Like a torrential downpour can overwhelm gutters, flood streets and generally create the kind of havoc only water can, too much money flowing into mutual funds can also leave a mark on both new investors and those of record.
Now that the markets seem to be hellbent on leading the recovery (although there is still a popular consensus that this is not the real thing without jobs and earnings that are built on growth rather than cost-cutting), you have to wonder what is going on? Why is being asked quite frequently these days and many of the answers point to too much money on the sidelines suddenly feeling better about the opportunities and the fear of missing the recovery.
Investors who may have sold their stakes in funds that had done well for them in the past and then hurt them dramatically over the last part of 2008 are eyeballing this return to glory, ignoring the recent past at little more suddenly that I would have anticipated they would. Rushing back into the market is not what mutual funds need right now.
The Upside is the Downside
When investors flee, the remaining shareholders pay the price of staying. There are transaction costs and taxes to be paid (if the fund is forced to sell winning stocks to pay for redemptions) that are left for the fund to pay, passing on those costs. But those shareholders might benefit in the long run if their fund has positioned itself for the recovery. In fact, many investors are finding that staying put has them very close to the even point of where they closed the 2007 investment year.
But the problem with this rush is that it too causes an increase in costs for transactions and creates the possibility that too much money chasing too few stocks begins to artificially inflate those shares and we are off to the bubble races again. Some funds are so narrowly focused that the securities they need are being overbought.
This leaves investor money on the sideline, the exact place that it was before but no longer is. So fund managers are beginning to, at least temporarily close some of the hottest funds with the best year-to-date or quarterly returns. While this doesn't have any effect on shareholders currently in the fund, the problem of a deluge of new investors does not go away; it simply goes somewhere else.
This is especially problematic in the case of bond funds. Chasing performance while eluding risk is what bond investors have always sought. That and a return of their investment. Unless you own individual bonds, and plan on holding them to maturity, you may be unwittingly facing the same problem that mutual fund bondholders might be facing. Credit markets are still tight, the dollar is still weak and the economy has not yet fully embraced the enthusiasm of the stock markets. This makes bonds risky and increases the chances of default (which you will see in the increased yields).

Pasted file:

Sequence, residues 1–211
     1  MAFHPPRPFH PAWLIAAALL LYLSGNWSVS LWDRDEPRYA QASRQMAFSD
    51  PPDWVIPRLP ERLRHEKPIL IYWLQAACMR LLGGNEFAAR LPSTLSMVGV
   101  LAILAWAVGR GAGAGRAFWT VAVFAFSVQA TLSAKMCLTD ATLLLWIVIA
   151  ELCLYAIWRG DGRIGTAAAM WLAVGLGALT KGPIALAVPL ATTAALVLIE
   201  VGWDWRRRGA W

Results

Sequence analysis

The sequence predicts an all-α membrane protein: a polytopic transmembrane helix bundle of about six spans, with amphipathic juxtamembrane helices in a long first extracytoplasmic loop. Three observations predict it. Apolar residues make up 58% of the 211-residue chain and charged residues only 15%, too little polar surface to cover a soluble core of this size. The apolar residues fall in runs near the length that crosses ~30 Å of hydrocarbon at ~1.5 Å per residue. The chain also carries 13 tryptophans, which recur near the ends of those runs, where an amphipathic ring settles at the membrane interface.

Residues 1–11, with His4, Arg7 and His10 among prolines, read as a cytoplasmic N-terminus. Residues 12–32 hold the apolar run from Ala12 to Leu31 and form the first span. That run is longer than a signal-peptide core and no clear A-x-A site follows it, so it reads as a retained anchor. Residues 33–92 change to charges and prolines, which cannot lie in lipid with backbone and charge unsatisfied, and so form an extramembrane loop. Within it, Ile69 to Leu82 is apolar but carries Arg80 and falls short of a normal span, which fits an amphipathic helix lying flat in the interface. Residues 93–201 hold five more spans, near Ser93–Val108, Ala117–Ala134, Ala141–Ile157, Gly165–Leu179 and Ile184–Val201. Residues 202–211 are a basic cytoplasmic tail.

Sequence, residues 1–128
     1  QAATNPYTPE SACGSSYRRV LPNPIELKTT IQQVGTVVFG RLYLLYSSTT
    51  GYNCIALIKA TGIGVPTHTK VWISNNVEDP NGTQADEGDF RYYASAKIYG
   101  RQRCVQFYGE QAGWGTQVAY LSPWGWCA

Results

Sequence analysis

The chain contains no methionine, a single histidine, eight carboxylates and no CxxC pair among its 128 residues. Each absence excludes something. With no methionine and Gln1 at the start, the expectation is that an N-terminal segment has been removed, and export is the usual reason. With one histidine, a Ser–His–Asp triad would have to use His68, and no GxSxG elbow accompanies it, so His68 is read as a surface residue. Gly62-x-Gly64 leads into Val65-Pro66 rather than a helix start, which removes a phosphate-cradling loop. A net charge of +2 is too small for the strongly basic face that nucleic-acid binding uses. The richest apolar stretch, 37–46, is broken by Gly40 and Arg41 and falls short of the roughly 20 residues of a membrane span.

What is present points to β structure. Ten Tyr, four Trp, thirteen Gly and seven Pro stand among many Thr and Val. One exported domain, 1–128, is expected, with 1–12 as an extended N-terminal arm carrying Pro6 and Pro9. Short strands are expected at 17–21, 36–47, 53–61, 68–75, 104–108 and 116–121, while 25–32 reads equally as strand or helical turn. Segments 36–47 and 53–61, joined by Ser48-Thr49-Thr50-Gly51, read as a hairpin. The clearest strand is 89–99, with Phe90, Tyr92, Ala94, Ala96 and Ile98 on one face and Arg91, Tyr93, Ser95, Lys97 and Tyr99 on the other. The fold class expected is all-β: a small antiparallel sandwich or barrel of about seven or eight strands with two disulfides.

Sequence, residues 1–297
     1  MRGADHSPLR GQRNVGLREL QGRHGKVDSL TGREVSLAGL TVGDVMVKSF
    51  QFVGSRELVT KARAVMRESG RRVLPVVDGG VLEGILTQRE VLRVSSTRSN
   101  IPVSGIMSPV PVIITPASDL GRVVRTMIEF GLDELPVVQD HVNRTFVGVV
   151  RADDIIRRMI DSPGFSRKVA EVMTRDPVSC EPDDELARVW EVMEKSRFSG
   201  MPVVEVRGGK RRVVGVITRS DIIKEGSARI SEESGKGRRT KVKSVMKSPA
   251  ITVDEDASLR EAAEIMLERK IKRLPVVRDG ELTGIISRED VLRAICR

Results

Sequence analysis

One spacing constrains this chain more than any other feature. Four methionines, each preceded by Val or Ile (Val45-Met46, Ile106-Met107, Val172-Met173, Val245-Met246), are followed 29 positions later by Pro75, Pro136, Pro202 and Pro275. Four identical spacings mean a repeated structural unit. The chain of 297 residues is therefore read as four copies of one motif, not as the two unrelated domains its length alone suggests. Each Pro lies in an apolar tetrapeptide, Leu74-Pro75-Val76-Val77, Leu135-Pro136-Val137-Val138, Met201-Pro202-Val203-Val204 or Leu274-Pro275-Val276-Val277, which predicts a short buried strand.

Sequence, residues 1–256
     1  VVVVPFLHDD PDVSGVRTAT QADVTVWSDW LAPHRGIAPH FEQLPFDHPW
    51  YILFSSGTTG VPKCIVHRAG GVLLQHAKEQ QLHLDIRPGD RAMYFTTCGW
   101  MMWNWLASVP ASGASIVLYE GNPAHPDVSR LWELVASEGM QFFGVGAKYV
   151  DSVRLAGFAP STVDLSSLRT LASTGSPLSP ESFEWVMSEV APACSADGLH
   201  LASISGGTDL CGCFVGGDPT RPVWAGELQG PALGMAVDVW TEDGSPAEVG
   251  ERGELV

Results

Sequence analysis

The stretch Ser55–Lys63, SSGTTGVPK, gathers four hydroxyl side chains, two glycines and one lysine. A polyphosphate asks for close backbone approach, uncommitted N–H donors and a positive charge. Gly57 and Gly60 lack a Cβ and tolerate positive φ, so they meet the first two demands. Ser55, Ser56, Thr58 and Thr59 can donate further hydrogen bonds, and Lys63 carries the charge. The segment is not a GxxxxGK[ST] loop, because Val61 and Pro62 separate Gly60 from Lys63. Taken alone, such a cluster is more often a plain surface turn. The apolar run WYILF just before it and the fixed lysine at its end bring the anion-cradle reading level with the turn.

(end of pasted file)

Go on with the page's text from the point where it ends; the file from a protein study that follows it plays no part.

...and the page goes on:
When Fools Rush In
Overexposure and increased investments push bond prices higher and make profitable yields harder to find. This in itself, creates risk that many conservative and asset protection minded investors may not be willing to (or knowingly) assume.
At the same time, an opposite problem is looming for fixed income investors. Bonds are poised for difficulties in the coming years as inflation begins to rear its ugly head and deficit spending, necessary to facilitate the recovery begins to whittle away the current returns. For these investors, what would seem like a win-win situation might turn out to be something entirely the opposite.
Balanced funds and lifecycle funds may also be facing similar dangers as they try to increase bond exposure over time but are finding the endeavor more expensive than they would like. With fewer desirable bonds to purchase, these managers may be left with taking on more risk than the stocks in their portfolio have.
This imbalance could lead to more problems in the near term as investors seek out underinvested corners of the marketplace. The return chaser will simply head (or better, herd) for whatever is available. And a new cycle begins. Despite whatever notion of moving to a lower risk portfolio might provide, long-term investing still points to stocks as a safer haven. Which stocks is open for debate and future market gyrations. Yet, as fixed income portfolio managers try and warn their shareholders that this recovery is unlike any other, those looking for the safest of havens might not find what they are looking for in bond funds.
Paul Petillo is the Managing Editor of BlueCollarDollar.com